In a perfect world, there would be lots of websites that wanted to pay all the talented writers, for every niche area of thought. But something that I’ve definitely struggled with is realizing how few websites are publishing work in the areas that me and my friends care about. Obviously everybody’s dream is to get paid. I don’t know what the high end of it is—$5,000 for an amazing piece or whatever—but of course that is so rarely possible. What do you think about the field of opportunities available right now to writers?
I’ve heard a lot of people say, “I miss The Awl”. When they say, “I miss The Awl,” what they really mean is “I miss having a place for my wacky, weird, unconventional ideas. Or my long form essays and pieces that don’t fit into the categories and rubrics that exist at other places.”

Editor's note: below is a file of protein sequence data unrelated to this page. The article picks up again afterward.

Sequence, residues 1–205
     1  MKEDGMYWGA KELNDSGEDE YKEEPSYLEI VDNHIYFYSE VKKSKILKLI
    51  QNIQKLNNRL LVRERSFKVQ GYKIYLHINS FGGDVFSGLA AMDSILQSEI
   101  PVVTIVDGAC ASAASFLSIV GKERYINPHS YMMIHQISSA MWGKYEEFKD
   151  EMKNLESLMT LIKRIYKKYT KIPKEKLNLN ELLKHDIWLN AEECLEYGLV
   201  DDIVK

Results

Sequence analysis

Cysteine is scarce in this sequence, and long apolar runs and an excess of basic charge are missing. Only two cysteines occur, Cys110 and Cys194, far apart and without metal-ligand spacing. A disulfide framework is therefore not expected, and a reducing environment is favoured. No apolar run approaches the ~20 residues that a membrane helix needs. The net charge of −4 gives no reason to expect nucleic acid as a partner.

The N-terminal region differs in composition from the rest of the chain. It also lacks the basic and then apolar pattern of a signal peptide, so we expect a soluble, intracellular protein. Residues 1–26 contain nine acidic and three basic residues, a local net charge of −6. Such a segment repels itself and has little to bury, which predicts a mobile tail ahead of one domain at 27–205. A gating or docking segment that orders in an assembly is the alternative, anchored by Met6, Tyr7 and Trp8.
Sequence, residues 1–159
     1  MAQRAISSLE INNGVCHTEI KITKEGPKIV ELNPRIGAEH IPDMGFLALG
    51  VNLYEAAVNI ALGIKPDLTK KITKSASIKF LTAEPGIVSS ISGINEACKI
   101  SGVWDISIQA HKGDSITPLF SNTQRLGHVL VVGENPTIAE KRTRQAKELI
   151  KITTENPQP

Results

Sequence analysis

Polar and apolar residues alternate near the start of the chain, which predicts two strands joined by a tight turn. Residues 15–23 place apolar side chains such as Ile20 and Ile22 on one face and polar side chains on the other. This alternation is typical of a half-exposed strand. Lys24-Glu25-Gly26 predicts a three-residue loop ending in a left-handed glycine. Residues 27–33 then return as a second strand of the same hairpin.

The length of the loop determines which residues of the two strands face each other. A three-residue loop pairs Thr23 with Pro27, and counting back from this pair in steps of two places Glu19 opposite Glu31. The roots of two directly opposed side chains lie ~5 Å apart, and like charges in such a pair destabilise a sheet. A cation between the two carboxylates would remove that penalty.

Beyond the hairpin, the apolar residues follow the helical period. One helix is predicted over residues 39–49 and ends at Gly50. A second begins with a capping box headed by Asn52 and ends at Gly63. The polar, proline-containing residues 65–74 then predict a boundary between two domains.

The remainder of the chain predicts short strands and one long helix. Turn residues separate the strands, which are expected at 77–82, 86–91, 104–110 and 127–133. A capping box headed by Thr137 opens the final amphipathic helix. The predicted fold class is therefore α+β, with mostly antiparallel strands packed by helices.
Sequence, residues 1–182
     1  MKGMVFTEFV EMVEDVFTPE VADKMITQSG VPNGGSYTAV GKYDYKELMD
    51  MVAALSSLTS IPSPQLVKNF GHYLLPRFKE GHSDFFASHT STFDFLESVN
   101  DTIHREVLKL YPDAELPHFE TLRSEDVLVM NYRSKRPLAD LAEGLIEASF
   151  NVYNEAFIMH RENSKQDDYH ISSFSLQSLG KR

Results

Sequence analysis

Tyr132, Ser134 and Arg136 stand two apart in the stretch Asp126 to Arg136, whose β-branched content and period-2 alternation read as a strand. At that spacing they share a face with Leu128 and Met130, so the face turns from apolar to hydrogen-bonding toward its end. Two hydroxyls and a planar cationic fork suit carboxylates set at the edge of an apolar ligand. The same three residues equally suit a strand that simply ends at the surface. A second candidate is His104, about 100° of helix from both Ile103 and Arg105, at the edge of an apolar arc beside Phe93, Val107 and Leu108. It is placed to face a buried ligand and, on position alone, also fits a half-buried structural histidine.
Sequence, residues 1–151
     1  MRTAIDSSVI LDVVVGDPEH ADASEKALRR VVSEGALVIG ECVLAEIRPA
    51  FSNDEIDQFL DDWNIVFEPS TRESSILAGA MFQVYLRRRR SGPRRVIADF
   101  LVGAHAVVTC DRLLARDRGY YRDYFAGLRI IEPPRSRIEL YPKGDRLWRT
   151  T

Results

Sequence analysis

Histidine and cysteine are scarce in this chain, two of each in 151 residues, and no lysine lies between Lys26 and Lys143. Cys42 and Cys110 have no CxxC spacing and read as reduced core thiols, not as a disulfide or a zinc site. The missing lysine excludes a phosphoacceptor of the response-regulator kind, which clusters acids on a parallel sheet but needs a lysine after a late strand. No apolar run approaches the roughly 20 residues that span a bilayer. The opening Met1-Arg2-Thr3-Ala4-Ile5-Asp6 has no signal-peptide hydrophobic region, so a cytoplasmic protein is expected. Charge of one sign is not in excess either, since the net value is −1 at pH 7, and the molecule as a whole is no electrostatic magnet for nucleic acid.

There’s a lot of publications that I admire and look up to. But when I was working on my lifestyle piece or my pieces for Dirt, I didn’t start writing it with a certain publication in mind. One skill that you pick up as a freelancer, when you do need to rely on that freelance income to get paid, is to begin to write in the voice of those publications. It’s very different from writing for yourself.
When you write something for yourself and it’s finished, and then you ask, “Where does this fit in?” And you look around and think, “Oh, not really anywhere,” that’s a scary moment, but that doesn’t mean there’s no value in it. It means that there’s a hole in the landscape as you’ve identified, for really strong, important work.